Infrared radiation is invisible but useful to measure temperature — it is used widely today to spot people with fevers. Ultraviolet is also invisible, but more worrisome, as it can degrade — discolor or crack— almost any plastic left outdoors in the sun. Some acrylics and fluoroplastics can take sunlight directly, but most others can’t. White pigment helps, but black at 2.5% or more is best if you can use a black product — irrigation pipe, some mulch, cable jacketing, truckbed liners. For anything else, we need UV absorbers in the formulation — how much of what and how well they are mixed all matter.

Special effects: Glitter made from metallized extruded film has replaced the all-metal tinsel. The word tinsel comes from old French estincele (spark, sparkle). Tinsel was originally silver, but as it became more popular among the less noble, such as for tree decorations, that changed. Lead, which extrudes quite easily, was used until its toxicity became better known; then aluminum foil; and now a very, very thin layer of aluminum on a plastic film, best known for snack packaging. Yes, you can cut up your chip bags to decorate the tree, but wash them first lest you attract critters. Are they recyclable? I would think so, as the shiny layer is very thin and the probable plastics (PP and PET) will separate by flotation. But that shiny layer will bother the recyclers, so maybe it’s best for the environment to leave it on the tree. They will then end up in compost or landfill, where the plastic will be harmless.

If you got this far, I have a Christmas poem for you about Scrooge, the old miser made famous in Dickens’ Christmas Carol.

 

Scrooge

Of course you were grumpy, of course you were cross;

that's what they expect when you are the boss.

And you must be generous, you must be first;

that's what they expect when you've cash in your purse.

 

But when do they think of what money can't buy?

When do they think that you really should cry,

That your caustic demeanor's a shell to protect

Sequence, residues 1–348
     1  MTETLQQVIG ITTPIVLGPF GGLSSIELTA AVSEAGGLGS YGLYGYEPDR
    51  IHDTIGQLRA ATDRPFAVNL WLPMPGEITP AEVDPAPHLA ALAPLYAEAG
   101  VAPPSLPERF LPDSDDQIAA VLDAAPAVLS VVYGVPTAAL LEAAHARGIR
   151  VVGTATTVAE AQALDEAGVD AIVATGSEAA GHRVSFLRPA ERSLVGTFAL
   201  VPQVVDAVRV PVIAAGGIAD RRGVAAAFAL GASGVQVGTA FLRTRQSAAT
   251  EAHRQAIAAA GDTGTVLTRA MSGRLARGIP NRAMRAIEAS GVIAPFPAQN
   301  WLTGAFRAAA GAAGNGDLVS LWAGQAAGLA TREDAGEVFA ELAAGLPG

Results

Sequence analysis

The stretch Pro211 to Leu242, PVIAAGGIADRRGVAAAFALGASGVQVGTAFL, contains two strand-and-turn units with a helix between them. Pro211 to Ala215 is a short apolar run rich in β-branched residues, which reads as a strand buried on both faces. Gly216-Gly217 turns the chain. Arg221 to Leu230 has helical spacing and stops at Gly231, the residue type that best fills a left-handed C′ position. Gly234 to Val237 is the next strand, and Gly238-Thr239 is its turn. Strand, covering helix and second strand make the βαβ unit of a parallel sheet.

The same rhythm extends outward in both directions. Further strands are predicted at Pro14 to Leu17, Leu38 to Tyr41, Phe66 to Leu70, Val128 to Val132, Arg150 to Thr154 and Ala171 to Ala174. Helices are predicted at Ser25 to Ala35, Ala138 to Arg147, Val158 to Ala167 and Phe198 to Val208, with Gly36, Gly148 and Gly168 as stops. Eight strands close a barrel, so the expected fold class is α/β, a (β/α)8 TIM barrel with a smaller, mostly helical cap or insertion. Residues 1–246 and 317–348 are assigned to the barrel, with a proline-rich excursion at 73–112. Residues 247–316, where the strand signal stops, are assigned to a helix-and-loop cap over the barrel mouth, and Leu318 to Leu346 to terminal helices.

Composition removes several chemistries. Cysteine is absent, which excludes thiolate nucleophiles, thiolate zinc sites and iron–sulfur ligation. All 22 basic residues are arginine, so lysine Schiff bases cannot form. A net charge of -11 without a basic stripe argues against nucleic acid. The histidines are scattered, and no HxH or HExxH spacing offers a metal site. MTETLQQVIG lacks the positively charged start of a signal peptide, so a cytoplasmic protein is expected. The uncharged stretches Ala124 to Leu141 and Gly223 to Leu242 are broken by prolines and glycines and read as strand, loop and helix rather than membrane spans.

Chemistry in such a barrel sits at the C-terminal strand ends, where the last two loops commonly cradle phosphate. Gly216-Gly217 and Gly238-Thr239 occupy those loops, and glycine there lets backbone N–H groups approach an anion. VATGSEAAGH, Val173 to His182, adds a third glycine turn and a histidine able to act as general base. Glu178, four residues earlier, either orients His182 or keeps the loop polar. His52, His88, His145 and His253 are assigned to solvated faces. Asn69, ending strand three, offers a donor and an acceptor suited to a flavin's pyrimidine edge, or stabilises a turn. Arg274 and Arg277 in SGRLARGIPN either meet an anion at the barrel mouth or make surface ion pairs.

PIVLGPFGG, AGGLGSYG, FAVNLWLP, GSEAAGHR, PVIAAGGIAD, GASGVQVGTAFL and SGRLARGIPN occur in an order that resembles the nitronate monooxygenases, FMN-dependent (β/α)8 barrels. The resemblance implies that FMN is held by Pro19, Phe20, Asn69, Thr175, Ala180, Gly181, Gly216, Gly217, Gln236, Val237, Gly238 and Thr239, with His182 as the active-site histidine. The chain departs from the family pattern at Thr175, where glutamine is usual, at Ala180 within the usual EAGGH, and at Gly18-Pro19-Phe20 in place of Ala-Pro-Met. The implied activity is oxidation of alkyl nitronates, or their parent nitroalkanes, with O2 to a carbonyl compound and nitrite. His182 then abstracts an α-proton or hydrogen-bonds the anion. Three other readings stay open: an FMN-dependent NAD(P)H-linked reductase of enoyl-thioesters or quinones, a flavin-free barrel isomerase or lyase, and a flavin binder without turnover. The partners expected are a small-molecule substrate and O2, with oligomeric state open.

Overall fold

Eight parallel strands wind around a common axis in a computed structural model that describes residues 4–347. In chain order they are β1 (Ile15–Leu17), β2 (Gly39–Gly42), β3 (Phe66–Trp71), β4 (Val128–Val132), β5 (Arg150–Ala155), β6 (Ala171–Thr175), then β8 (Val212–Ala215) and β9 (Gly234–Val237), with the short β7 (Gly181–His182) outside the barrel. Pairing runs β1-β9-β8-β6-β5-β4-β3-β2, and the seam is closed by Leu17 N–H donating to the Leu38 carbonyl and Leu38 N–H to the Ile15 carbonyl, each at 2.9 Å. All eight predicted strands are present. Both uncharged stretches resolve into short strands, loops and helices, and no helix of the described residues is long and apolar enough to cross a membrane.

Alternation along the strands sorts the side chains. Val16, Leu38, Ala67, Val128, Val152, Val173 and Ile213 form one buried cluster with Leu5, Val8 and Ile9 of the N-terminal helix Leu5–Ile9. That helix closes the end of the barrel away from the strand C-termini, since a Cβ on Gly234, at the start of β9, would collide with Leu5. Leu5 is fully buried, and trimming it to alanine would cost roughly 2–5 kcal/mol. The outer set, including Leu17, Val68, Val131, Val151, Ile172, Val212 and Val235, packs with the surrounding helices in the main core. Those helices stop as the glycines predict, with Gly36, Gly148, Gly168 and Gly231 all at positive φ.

you from seeing your Loneliness, one great defect:

 

that you lack a good human, a person to share

your depressions, your joys — in a word, just to care?

Maybe then you'd be generous 'cause you'd receive

as much as you'd give, and that's fair, I believe,

 

"What's that? Give me time? Give me love? You are crazy!

People with minutes left over are lazy!"

No, Mr. Scrooge, that is humbug; you see

but you cannot believe 'cause you aren't yet free.

 

Do the poor have less time 'cause they put in more hours

to survive? Or the opposite, lacking the powers

to earn more, they play, and their families and friends

are support (is that love?) toward practical ends.

 

But also the poor have their screams and their fights,

and the Great Middle Class have their need to work nights,

as they scramble and scratch at each other to prove

that they're better, Than what? They, too, need to love.

 

So what's the conclusion? It's better, I guess,

to be rich and unloved than be poor and oppressed,

or be stuck in the Middle where love is a service

and partnership's pressure, not peaceful but nervous.

 

But maybe for some these won't be all the choices,

and for these thoughtful people, their two unique voices

can sing in one harmony, love without fear,

live without strangling feelings, and hear

not the mind's own deception, but rather the call

to be free to give love, the best gift of all.

 

Christmas Day, December 25, 1988, Washington, DC.

 

About the author

Allan Griff is a veteran extrusion engineer, starting out in tech service for a major resin supplier, and working on his own now for many years as a consultant, expert witness in law cases, and especially as an educator via webinars and seminars, both public and in-house, and now in his new audiovisual version. He wrote Plastics Extrusion Technology, the first practical extrusion book in the United States, as well as the Plastics Extrusion Operating Manual, updated almost every year, and available in Spanish and French as well as English. Find out more on his website, www.griffex.com, or e-mail him at algriff@griffex.com.

No live seminars planned in the near future, or maybe ever, as my virtual audiovisual seminar is even better than live, says Griff. No travel, no waiting for live dates, same PowerPoint slides but with my audio explanations and a written guide. Watch at your own pace; group attendance is offered for a single price, including the right to ask questions and get thorough answers by e-mail. Call 301/758-7788 or e-mail algriff@griffex.com for more info.